While deep learning has demonstrated tremendous potential for photonic device design, it often demands a large amount of labeled data to train these deep neural network models. Preparing these data requires high-resolution numerical simulations or experimental measurements and cost significant, if not prohibitive, time and resources. In this work, we present a highly efficient inverse design method that combines deep neural networks with a genetic algorithm to optimize the geometry of photonic devices in the polar coordinate system. The method requires significantly less training data compared with previous inverse design methods. We implement this method to design several ultra-compact silicon photonics devices with challenging properties including power splitters with uncommon splitting ratios, a TE mode converter, and a broadband power splitter. These devices are free of the features beyond the capability of photolithography and generally in compliance with silicon photonics fabrication design rules..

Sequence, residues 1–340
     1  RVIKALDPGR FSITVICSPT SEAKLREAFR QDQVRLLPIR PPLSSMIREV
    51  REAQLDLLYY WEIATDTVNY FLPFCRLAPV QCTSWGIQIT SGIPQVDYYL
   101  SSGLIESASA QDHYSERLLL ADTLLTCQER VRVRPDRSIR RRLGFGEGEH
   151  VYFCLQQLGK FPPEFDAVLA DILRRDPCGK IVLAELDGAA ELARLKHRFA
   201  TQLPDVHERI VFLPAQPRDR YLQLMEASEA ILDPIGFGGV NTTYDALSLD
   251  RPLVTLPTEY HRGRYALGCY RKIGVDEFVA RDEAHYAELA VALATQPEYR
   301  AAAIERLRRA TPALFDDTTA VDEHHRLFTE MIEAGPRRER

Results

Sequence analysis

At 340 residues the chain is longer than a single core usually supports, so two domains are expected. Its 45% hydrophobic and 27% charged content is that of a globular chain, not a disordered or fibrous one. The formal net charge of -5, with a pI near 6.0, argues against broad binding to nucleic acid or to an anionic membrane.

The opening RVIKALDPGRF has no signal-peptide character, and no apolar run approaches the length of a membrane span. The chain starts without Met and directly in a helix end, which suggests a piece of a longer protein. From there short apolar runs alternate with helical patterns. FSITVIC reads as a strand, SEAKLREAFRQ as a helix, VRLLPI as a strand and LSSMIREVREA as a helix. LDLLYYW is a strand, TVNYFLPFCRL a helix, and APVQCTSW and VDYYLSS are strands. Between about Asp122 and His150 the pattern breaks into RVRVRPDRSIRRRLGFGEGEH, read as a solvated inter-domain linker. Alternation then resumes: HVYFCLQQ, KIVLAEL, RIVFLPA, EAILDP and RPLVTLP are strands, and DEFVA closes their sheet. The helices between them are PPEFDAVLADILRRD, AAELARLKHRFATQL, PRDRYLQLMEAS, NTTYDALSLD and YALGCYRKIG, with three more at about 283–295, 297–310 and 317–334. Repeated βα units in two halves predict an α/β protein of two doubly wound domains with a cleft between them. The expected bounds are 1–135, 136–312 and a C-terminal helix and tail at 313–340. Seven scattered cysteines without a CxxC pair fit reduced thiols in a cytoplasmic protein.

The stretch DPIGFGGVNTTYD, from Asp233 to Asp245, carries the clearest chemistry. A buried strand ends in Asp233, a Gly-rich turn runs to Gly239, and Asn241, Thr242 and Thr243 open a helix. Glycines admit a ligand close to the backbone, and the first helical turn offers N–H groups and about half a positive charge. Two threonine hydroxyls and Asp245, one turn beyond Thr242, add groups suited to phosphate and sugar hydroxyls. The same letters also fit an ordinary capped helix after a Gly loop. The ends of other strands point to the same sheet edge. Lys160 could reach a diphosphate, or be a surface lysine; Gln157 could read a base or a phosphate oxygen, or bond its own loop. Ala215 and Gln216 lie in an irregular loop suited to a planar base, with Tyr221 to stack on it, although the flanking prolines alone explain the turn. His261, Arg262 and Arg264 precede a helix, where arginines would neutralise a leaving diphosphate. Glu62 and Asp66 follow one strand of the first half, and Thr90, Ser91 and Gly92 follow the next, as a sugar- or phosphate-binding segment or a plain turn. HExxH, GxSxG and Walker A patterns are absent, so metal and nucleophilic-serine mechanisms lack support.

Micro- and nanomechanical resonators have emerged as promising platforms for sensing a broad range of physical properties, such as mass, force, torque, magnetic field, and acceleration. The sensing performance relies critically on the motional mass, mechanical frequency, and linewidth of the mechanical resonator. Herein, we demonstrate a hetero optomechanical crystal (OMC) cavity based on a silicon nanobeam structure. The cavity supports phonon lasing in a fundamental mechanical mode with a frequency of 5.91 GHz, an effective mass of 116 fg, and a mechanical linewidth narrowing in the range from 3.3 MHz to 5.2 kHz, while the optomechanical coupling rate is as high as 1.9 MHz. With this phonon laser, on-chip sensing can be predicted with a resolution of
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